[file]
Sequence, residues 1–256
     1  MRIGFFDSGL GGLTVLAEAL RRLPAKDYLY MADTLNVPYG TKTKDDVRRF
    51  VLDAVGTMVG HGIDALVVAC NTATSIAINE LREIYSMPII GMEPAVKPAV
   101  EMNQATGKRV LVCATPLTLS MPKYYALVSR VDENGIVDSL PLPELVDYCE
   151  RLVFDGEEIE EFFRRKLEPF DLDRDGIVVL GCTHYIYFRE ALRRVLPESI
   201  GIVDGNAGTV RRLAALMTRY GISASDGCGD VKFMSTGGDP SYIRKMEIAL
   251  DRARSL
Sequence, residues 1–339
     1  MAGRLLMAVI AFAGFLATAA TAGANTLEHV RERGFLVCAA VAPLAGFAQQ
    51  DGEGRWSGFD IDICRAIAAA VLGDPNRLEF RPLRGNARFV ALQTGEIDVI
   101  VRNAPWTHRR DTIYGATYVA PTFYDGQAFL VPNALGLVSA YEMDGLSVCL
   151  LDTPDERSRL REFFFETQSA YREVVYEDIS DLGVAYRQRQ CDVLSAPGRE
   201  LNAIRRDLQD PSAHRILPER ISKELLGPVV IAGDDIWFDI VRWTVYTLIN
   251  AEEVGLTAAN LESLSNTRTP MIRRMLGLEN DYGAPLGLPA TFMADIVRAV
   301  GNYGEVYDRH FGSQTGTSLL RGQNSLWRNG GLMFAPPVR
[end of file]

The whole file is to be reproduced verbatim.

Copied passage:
Sequence, residues 1–256
     1  MRIGFFDSGL GGLTVLAEAL RRLPAKDYLY MADTLNVPYG TKTKDDVRRF
    51  VLDAVGTMVG HGIDALVVAC NTATSIAINE LREIYSMPII GMEPAVKPAV
   101  EMNQATGKRV LVCATPLTLS MPKYYALVSR VDENGIVDSL PLPELVDYCE
   151  RLVFDGEEIE EFFRRKLEPF DLDRDGIVVL GCTHYIYFRE ALRRVLPESI
   201  GIVDGNAGTV RRLAALMTRY GISASDGCGD VKFMSTGGDP SYIRKMEIAL
   251  DRARSL
Sequence, residues 1–339
     1  MAGRLLMAVI AFAGFLATAA TAGANTLEHV RERGFLVCAA VAPLAGFAQQ
    51  DGEGRWSGFD IDICRAIAAA VLGDPNRLEF RPLRGNARFV ALQTGEIDVI
   101  VRNAPWTHRR DTIYGATYVA PTFYDGQAFL VPNALGLVSA YEMDGLSVCL
   151  LDTPDERSRL REFFFETQSA YREVVYEDIS DLGVAYRQRQ CDVLSAPGRE
   201  LNAIRRDLQD PSAHRILPER ISKELLGPVV IAGDDIWFDI VRWTVYTLIN
   251  AEEVGLTAAN LESLSNTRTP MIRRMLGLEN DYGAPLGLPA TFMADIVRAV
   301  GNYGEVYDRH FGSQTGTSLL RGQNSLWRNG GLMFAPPVR